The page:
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Rhode Island Governor Proposes Positive Corporate Tax Reform

8 min readBy: Liz Malm

Download (PDF) Fiscal Fact No. 367: Rhode Island Governor Proposes Positive Corporate Tax Reform


In his annual budget briefing, Rhode Island Governor Lincoln Chafee (I) proposed a reduction of the state’s corporate income taxA corporate income tax (CIT) is levied by federal and state governments on business profits. Many companies are not subject to the CIT because they are taxed as pass-through businesses, with income reportable under the individual income tax. rate from 9 percent to 7 percent over the next three years.[1] If enacted, this would make the state’s taxA tax is a mandatory payment or charge collected by local, state, and national governments from individuals or businesses to cover the costs of general government services, goods, and activities. rate the lowest in the New England region. Rhode Island currently shares the spot for the highest regional corporate tax rate with Connecticut and New Jersey.[2]

To offset some of the projected revenue reduction from the tax rate cut ($5.3 million in 2014, $12.9 million in 2015, and upwards of $20 million in years thereafter), the governor’s plan would broaden the corporate income tax baseThe tax base is the total amount of income, property, assets, consumption, transactions, or other economic activity subject to taxation by a tax authority. A narrow tax base is non-neutral and inefficient. A broad tax base reduces tax administration costs and allows more revenue to be raised at lower rates. by phasing back a few corporate income tax carve-outs.[3] Governor Chafee’s tax plan moves in the right direction by broadening the tax base to lower the overall rate for all firms.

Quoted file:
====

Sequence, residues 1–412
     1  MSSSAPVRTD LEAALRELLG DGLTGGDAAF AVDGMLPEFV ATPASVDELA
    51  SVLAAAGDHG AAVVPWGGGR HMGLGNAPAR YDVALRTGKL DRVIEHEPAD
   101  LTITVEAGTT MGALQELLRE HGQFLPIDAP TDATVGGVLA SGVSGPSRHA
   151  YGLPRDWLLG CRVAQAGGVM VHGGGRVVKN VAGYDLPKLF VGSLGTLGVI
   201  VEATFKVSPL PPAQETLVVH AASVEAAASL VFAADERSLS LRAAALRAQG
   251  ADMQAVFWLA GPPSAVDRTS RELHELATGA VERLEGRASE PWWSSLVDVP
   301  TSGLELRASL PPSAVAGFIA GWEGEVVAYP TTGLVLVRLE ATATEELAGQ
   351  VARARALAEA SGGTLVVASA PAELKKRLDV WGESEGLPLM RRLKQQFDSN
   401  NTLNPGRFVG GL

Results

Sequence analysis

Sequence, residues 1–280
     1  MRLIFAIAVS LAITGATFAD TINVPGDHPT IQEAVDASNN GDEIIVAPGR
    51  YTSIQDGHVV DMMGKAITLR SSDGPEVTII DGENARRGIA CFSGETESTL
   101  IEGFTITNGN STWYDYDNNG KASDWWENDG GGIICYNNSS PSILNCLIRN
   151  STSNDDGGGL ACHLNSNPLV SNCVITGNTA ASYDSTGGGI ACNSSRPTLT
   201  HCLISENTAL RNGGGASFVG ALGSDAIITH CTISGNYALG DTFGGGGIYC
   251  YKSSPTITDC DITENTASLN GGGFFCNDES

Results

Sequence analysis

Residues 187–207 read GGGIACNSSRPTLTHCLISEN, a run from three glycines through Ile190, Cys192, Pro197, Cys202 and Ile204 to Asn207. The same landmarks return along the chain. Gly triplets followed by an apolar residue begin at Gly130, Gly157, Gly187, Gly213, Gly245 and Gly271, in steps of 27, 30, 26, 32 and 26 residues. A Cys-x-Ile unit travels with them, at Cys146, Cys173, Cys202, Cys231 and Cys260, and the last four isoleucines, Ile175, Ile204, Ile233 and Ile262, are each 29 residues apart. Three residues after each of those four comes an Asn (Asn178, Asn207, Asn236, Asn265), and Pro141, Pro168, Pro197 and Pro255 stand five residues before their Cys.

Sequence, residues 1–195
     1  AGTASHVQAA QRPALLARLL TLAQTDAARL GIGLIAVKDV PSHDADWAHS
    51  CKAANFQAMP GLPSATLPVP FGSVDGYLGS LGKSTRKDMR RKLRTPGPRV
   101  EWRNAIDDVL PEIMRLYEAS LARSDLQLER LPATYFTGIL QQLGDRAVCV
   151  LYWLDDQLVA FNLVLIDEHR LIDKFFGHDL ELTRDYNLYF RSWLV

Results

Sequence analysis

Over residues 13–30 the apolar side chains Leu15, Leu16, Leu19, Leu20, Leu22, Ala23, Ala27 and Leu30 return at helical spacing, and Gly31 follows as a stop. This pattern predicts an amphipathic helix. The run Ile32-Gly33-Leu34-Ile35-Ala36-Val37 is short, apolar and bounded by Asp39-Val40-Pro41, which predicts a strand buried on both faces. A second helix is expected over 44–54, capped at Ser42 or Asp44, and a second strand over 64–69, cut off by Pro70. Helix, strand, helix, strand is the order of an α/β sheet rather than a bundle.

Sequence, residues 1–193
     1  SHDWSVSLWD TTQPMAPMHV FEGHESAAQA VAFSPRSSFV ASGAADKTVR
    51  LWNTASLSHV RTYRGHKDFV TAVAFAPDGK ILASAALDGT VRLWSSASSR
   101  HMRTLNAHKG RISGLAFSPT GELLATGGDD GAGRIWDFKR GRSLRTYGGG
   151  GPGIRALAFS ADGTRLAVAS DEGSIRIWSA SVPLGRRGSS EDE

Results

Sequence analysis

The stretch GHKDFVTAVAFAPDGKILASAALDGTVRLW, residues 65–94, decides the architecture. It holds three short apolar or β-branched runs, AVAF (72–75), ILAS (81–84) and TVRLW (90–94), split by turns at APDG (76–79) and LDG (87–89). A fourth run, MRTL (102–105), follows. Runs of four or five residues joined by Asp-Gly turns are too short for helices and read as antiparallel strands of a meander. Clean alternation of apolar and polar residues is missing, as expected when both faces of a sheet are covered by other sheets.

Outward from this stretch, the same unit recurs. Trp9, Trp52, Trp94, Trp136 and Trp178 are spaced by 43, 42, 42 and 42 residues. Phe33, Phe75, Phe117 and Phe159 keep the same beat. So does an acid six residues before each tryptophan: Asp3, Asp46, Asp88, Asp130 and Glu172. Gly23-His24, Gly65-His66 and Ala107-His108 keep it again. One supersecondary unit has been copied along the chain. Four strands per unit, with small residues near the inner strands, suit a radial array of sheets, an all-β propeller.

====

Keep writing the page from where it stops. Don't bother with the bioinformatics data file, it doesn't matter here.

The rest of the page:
If a state must offer lucrative incentives to entice business to the state, chances are this is because the tax climate is prohibitive in the first place. Not only do such carve-outs distort the market, they complicate the tax code unnecessarily and require firms ineligible for the carve-outs to pay a higher rate in order to generate adequate tax revenue. It is debatable whether such tax incentive programs are even effective at reaching their goals.[4] Further, high corporate income taxes are negatively related to economic growth[5] and are the most volatile source of state tax revenue.[6] Moving away from such a revenue source will make the state more conducive to growth and less likely to see revenue shortfalls in an economic downturn.

Plan Trades Targeted Tax Incentives for a Broader, Lower Tax Rate

Governor Chafee’s proposal would narrow the Jobs Development Act[7] (a rate reduction program tied to job creation and retention) and eliminate the Enterprise Zone Credit,[8] which subsidizes development in areas deemed economically distressed.

The suggested reduction in Jobs Development Act tax is the portion of the plan that has garnered the most scrutiny. The program lowers the corporate income tax rate for businesses that meet specific employment and wage requirements. For every fifty jobs added by a large company (ten jobs for small firms)[9] over an initial three year period, the firm receives a 0.25 percent rate reduction, subject to certain wage and benefit requirements.[10] The rate reduction is only retained if the company maintains the employment level reported in the third year.[11] Though firms cannot entirely eliminate their corporate income tax liability, they can lower their rate to three percent.